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haw been invited by t&
and the State Department <rf Tl^h
to participate fat a state-wide pre
paredness oouffarence at Goldstaro,
Thursday, April 8.
J. H. Moore, superintendent oi the
local school, baa beat invited to the
meeting and is planning to attend.
Announcd Jointly by Dr. Cart V.
Reynolds, State Health Officer, and
Philip S. Randolph, of Chapel E1H,
the maetfaig will seek to prepare
community leaders and organisations
for quick action in caae of a polio
Participating will be state, county
and district health authorities, coun
ty medical society officers, school
superintendents, city and county wel
fare personnel, health educators,
women's club leaders and officers of
National Foundation county chap
"We dont want another Hickory,"
Reynolds and Randolph said. "In that
epidemic, everything had to be done
from scratch, fliere eras no ad
vance organization and the com
munity was totally unprepared to
treat patients on a mass scale end
to combat the outbreak."
First of its kind in the history of
the state, the conference will be di
vided into two parts: (1) a general
discussion in the morning devoted
principally to community problems
in epidemic areas and (2) panels in
the afternoon devoted to specific
problems of National Foundation
chapters, of physicians and related
professional personnel and of health
educators in the schools.
Representing National Foundation
headquarters will be Dr. Kenneth
Landauer, assistant medical director,
who will discuss the Foundation's
program, "Epidemic Emergency and
Year 'Round Medical Care," and Dr.
West J. Altenburg, director of chap
ters, who will discuss the work of
county chapters in epidemics.
Among the other speakers will be:
Dr. Carl V. Reynolds, state health
officer; Dr. G. M. Cooper, director,
State Crippled Children's Service;
Col. Charles W. Warren, director,
State Department of Vocational Re
habilitation, ^afcd Dr. Clyde A. Er
win. state superintendent of public
Epidemic preparedness, Mr. Ran
dolph pointed out, is the "joint re
sponsibility of state and county
health departments, the National
Foundation and its county chapters.
County chapters, with local health
authorities, organize the communi
ty for emergency action. The Na
tional Foundation recruits profes
sional personnel?physicians, nurses
and physical therapists?and sends
in iron lungs, "hot pack" machines
and other equipment.
Mi*. G. W. Bailey visited
tiros in Raleigh, Monday and
and Mrs. R. F. Tugwell,
Farmville, visited Mr. and Mra.
II Vl^aln* Cniulatt 4l
u. wneeter, ouiKiay>
Mrs. C. T. Hides and
Ann, and Miss Lillian Corbett
Goldsboro visitors, Friday.
Miss Juanita Roddick, of Raleigh,
spent the week end with her parents,
Mr. sad Mis. W. V. Roddick.
Miss Grey Woriey and Key Taykw
wen the dinner gnosis of lb.
Mrs. W. V,
Mr. and Mrs.
children, of Jacksonville, wen the
dinner guests of Mr. and Mrs. Paul
Mra. Jesae Proctor and
Joyce, of near Saratoga, visited Mrs.
Neta Shacklaford and Mra. Frank
Miss Ramona Rouse, a student
Greensboro College, Greensboro, was
the week end guest of her parents,
Mr. and Mrs. I. J. Rouse.
Miss Hettie^rieen, of the high
school faculty, has resumed her work
after being a patient in the Park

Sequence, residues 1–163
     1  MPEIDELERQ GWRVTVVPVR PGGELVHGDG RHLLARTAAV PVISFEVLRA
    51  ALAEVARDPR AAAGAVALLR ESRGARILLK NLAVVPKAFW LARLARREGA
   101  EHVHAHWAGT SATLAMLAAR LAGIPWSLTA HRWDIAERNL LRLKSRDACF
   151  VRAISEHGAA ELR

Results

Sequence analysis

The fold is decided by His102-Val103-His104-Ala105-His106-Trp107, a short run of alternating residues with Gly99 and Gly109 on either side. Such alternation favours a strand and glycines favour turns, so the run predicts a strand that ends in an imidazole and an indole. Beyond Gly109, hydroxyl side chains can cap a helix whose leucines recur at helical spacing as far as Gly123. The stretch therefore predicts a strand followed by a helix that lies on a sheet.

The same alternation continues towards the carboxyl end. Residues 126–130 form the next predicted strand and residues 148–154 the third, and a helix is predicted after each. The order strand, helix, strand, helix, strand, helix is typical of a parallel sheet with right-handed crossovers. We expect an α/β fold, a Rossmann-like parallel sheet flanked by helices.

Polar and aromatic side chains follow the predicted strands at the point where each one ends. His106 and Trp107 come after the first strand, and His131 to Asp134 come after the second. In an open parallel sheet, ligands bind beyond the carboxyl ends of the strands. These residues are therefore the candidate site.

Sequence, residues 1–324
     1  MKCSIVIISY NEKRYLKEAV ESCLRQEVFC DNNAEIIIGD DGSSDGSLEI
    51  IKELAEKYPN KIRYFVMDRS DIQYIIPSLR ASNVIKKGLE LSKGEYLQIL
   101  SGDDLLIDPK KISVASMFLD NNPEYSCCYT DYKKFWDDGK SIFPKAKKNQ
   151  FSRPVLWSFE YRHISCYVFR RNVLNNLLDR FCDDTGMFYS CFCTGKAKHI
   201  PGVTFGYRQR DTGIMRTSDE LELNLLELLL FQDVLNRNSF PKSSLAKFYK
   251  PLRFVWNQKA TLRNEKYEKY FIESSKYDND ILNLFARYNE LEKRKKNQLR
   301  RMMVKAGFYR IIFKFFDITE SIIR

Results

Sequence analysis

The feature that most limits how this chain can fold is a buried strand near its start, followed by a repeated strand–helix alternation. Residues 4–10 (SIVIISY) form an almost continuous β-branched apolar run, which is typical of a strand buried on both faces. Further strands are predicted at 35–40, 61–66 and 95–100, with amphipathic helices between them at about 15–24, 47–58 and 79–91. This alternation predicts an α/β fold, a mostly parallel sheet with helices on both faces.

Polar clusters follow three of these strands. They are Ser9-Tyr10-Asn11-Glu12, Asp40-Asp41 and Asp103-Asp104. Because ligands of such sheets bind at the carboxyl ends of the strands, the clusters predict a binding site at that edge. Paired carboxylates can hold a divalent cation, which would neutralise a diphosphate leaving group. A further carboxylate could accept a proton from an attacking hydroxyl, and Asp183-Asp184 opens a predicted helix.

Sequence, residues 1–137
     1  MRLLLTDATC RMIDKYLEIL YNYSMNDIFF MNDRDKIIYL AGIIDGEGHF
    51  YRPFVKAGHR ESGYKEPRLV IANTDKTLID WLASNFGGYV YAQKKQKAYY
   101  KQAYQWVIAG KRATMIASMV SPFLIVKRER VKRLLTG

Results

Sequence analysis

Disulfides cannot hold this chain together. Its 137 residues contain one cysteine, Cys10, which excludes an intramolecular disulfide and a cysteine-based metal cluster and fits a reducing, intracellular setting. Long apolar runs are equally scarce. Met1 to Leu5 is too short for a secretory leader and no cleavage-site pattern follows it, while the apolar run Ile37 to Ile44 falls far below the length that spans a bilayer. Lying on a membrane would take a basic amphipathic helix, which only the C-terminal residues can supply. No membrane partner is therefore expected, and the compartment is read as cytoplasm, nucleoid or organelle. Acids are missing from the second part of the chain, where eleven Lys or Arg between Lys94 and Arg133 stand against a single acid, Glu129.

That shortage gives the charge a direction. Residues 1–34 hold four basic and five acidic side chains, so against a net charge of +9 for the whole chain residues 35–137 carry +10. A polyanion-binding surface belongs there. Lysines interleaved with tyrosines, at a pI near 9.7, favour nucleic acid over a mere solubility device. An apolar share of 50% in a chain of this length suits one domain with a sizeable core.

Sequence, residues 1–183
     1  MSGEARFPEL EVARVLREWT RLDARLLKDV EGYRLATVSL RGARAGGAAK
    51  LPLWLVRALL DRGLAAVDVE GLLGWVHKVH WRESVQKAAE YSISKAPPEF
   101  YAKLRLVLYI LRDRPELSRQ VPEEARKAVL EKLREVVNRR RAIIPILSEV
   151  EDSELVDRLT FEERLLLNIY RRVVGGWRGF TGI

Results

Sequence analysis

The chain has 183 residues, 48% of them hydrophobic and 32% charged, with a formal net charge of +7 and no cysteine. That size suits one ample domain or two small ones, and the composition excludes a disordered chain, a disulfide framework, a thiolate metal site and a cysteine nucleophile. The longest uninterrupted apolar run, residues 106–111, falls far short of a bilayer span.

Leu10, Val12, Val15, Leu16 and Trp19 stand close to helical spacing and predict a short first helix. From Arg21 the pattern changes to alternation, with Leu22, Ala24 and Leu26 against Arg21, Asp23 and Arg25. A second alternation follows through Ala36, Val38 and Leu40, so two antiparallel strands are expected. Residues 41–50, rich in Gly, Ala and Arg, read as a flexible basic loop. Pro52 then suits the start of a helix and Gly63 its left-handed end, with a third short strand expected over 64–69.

View hospital, Rocky Mount, the
Mra. Joe Baker, Mrs. Selby Brew
er, lbs. .Ada a Bass, Mra. Carroll
Taylor, of New Hope, Mrs. J. J. Ed
wards, of Wilson, and Mia. Melvin
Gay were the dinner guests of lbs.
Jason Shirley, Friday.
Glee Club Party
The Glee Club held its annual
party in the Farmville home demon
stration club house, near Fountain,
Thursday evening. Despite threaten;
ing weather ,over 60 were present to
join m the party.
The club house was beautifully
decorated with early Spring flowers
Entertainment was led by several
of the Glee Club girls.
Delicious refreshments were ser
ved by members of the home demon
. Missionary Society Meets
Circle 2 of the Woman's Mission
ary Society of the Christian church
met in the home of Mra. Earl Lang,
Mrs. Clarence Jones, as program
leader, presented an interesting
During the business hour, plans
were made for the mission study
class to be held in May.
After the business session, the
hostess served a sweet coarse.
Mrs. Kennedy Taylor, Mrs. Joseph
Goin and Mrs. Alice Pittman were
welcomed as new members into the
Three models coal and wood burning ranges^
porcelain enamel outside body?large ovens,'
big enameled reseryoirs, six eye cooking top.
Specially built for farm use or where coal
or wood is used for fuel Remerttber they may
be scarce this fab.
H 'V ?'*>??
F< -- :? '
9 A. M.
AFTER 30 YEARS OF SUCCESSFUL BUSINESS IN
FARMVELLE, THE K. CANNON STORE WILL SELL
OUT ITS ENTIRE STOCK OF MERCHANDISE AT
PRICES, MOSTLY, FAR BELOW WHOLESALE COST.
AT THIS TIME, WITH YOUR EARNING CAPACITY
NOT AS GREAT AS IN OTHER MONTHS (HP THE
GALENDAR YEAR, THIS, WE ASSURE YOU, WILL
BE A MOST WELCOME EVENT?AN UNEX
PECTED OPPORTUNITY TO BUY YOUR EASTER
NEEDS AT PRICES UNHEARD OF IN THESE BOOM
ING DAYS. IF YOU MISS IT, IT WH.L BE YOUR
OWNFAULT. BELOW ARE LISTED A FEW OF THE
ITEMS THAT WILL BE SACRIFICED.
Be Here Early
and get your share
9 a. m. SAT.,
March 29,1947' :
45 Guage 30 Denier
LADIES NYLON HOSE
2 pairs person
jKfKjtfc * (*-}? 'v'rfjy. - i.v -? . * ' ?%' Vi*
Ladies Silk UNDERWEAR
ip t. y2 off
' . ? i - I.
Cottage and Tailored
Ladies 100 Per Cent Wool
New Wool Spring
Values $20.00 and $30.00
? .1 -?
These are this year's suits,
were bought to sell for as
high as $20 and $32.50.
Assorted Lot of Ladles
500 Pairs of LADIES
gUPj iii p
Assorted Lot of Ladies
Ladies New Lovely
i $12.00 to $15.00 Values
500 New 100 per cent wool
LADIES SWEATERS f
In Gay Pastel Colors?
Were bought to sell for
$5.05 and $6.95
$5.00 and $6.00 new Ladies
Men's OVERALLS AND
Ladles Genuine Ldather
Values to $7.95
Assorted Lot Ladies
Sold For As HighvAs $5.95
ALL MEN'S WORK AND
DRESS WEAR Jv
-.-. :fSl reduced i:l
Heavy Duty Rubber
*5.00 and *6.00
which exists in Nc
lina we will be unable